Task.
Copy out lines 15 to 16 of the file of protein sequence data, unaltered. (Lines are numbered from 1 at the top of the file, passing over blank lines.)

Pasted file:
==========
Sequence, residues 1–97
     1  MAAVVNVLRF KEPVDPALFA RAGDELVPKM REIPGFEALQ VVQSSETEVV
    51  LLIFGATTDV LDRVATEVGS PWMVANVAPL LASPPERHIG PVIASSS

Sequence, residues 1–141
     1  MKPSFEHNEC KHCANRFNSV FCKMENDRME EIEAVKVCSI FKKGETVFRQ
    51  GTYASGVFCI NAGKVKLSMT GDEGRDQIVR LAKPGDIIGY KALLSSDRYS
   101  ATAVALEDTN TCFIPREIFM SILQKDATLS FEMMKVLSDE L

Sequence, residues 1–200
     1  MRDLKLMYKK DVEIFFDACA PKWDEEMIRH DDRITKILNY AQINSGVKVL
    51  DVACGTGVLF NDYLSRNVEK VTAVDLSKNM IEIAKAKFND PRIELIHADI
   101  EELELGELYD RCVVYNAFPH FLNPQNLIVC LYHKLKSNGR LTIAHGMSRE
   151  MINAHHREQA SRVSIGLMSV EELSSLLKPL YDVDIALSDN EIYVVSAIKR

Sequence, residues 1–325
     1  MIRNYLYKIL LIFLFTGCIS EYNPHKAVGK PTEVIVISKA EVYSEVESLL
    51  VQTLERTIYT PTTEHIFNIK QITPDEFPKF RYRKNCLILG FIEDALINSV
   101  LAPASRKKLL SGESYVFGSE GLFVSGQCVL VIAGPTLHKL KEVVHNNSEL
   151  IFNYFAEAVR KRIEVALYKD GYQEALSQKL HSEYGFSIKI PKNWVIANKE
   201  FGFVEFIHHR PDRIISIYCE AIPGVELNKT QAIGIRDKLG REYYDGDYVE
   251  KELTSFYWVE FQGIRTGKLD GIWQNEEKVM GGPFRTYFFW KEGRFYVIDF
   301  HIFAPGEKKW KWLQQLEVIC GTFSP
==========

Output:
    51  VQTLERTIYT PTTEHIFNIK QITPDEFPKF RYRKNCLILG FIEDALINSV
   101  LAPASRKKLL SGESYVFGSE GLFVSGQCVL VIAGPTLHKL KEVVHNNSEL